Catching the Bouquet @AliciaStreet1 #mgtab

June always bursts with weddings and one of the best parts of the celebration is when the bride tosses her bouquet.

The tradition began in England when wedding parties got a bit out of hand and single women tore at the bride’s clothing believing the pieces would bring them luck in finding a husband. Eventually brides began tossing their bouquets instead, and they remain to this day a symbol of hopefulness for women who have yet to find their true love.

In my newest romance, The Leftover Bride, the heroine has caught several bouquets at weddings, but she cannot seem to find Mr. Right. In fact, she has terrible luck with men and has begun to believe she just isn’t meant to ever be a bride and that the whole idea of catching a bouquet is meaningless.

What about you? Have you ever caught a bouquet at a wedding? Did your bouquet land in the hands of someone who found love? Or do you think the whole thing is silly?

Personally, I adore flowers, and regardless of the superstitious nature of it, I like to believe a bridal bouquet brings special luck in love to the woman who catches it.

Alicia Street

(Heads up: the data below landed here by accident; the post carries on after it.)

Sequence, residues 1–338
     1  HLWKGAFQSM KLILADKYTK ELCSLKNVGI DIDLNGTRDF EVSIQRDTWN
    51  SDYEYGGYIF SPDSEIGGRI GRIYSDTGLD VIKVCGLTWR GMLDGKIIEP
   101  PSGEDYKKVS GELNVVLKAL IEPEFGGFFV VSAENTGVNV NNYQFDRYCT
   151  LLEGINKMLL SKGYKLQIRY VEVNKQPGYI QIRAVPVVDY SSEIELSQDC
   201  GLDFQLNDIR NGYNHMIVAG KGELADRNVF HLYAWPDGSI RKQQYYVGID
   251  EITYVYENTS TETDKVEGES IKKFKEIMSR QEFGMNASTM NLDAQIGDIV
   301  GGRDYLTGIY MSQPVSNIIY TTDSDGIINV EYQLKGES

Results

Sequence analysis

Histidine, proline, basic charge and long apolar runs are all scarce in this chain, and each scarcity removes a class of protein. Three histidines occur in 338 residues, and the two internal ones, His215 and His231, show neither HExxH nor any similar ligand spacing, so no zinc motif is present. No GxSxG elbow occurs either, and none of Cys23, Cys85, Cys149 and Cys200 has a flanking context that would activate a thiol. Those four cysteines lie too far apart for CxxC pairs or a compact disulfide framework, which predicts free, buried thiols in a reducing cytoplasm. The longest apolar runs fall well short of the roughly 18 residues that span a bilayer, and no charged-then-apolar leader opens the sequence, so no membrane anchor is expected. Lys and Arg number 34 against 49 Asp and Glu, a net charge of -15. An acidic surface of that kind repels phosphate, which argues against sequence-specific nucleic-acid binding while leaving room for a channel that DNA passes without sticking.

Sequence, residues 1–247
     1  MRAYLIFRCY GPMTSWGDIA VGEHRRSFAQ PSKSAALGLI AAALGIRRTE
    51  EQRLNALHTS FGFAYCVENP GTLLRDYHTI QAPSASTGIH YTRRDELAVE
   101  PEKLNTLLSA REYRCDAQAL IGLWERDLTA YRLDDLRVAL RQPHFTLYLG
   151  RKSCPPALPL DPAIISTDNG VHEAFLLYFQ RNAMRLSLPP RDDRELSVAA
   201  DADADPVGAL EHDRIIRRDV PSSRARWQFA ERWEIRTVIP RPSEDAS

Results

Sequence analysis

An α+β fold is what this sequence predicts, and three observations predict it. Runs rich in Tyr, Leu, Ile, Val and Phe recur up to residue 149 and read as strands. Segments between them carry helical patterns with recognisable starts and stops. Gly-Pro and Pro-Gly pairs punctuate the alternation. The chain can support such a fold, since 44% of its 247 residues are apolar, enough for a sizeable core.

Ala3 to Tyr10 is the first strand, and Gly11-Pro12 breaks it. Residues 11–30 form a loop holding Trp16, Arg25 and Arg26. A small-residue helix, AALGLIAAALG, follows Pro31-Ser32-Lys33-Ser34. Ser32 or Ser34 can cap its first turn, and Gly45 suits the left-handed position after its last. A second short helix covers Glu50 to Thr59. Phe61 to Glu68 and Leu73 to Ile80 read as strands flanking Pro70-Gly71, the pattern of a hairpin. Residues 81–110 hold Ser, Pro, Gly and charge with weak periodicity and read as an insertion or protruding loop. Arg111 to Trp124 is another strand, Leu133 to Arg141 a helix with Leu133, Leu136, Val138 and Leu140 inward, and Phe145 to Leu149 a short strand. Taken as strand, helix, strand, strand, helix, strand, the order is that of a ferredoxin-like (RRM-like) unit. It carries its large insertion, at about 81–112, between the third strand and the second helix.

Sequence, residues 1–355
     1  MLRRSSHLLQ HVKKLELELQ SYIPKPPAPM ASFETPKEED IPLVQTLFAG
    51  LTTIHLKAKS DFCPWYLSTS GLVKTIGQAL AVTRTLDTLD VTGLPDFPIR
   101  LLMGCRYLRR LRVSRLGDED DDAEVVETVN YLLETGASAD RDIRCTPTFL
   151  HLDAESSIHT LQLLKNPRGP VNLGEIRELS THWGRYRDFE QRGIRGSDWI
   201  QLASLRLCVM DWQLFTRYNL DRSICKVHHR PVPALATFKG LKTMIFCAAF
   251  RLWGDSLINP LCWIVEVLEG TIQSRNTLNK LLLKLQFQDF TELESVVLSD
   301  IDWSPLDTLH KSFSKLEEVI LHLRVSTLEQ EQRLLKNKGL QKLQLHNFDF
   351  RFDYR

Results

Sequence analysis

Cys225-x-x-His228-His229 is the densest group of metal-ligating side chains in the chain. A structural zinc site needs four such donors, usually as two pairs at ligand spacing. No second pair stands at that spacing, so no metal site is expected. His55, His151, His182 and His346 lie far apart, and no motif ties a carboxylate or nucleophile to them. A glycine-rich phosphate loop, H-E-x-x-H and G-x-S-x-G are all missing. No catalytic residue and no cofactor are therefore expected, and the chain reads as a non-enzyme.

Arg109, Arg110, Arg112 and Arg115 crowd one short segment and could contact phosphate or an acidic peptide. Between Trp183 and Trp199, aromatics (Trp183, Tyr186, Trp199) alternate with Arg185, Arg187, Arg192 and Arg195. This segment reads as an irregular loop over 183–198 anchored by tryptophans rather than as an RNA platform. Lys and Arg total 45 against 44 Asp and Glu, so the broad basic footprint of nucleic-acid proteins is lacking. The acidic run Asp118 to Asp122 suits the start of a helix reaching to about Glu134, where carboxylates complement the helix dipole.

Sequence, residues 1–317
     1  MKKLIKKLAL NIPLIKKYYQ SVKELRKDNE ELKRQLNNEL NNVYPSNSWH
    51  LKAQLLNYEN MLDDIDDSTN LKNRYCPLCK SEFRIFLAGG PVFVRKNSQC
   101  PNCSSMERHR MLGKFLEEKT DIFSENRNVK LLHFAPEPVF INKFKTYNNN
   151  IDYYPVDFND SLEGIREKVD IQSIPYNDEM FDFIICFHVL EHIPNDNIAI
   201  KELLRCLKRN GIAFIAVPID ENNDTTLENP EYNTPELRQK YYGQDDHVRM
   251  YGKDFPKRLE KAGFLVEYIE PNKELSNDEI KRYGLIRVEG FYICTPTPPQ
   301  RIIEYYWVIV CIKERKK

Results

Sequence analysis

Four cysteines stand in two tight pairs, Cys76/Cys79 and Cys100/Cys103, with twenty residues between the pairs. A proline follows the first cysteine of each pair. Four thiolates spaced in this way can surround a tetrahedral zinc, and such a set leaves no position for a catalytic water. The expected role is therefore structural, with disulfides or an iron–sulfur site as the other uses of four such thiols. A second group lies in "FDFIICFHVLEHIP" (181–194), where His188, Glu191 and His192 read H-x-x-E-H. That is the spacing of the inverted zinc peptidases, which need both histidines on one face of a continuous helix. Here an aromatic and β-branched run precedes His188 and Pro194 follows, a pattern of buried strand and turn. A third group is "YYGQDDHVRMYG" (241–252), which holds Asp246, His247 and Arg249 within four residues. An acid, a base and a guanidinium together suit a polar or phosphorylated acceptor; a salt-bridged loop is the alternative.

Alicia Street is a USA TODAY bestselling author and Daphne Award-winner often writing in collaboration with her husband, Roy, as well as on solo projects. She spent many years as a dancer, choreographer and teacher. A compulsive reader of every genre, she also loves watching old black-and-white movies and inventing new recipes for soups.
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Unforgettable Memory #3 A Summer as a Fire Lookout

Unforgettable Memory #3 A Summer as a Fire Lookout
Nancy Radke #mgtab

After four years of college, my husband and I needed a break from working our way through college, so he took a job as a fire lookout with the Forest Service. They put our supplies on pack-mules and took both of us to the top of Granite Mountain in the Snoqualmie National Forest. We had to call the station and let them know any time the lookout was unmanned.

We were located at the center of all the lookouts, so most of our time was spent relaying messages from one spot to another, usually from firefighters to the Ranger Station. Our station was about twelve by twelve. It had windows completely around it, a fire-finder in the very center, and a catwalk outside. The bed was a narrow cot just wide enough for the two of us. It was only as high as the windows, which we left open at night, until we discovered that mice liked to come inside and run across us to check the place out for crumbs. We could feel them scurrying across the blankets.

We had a stool with insulators as legs, which we were to stand on if manning the radio during a lightning storm. Long cables ran from our large antenna mounted on the roof, down the corners of the lookout and down the mountainside. A burned path under the cables showed their effectiveness. I was already teaching school in the fall when we had our first lightning storm, so my husband had to weather it himself. He said it was really noisy!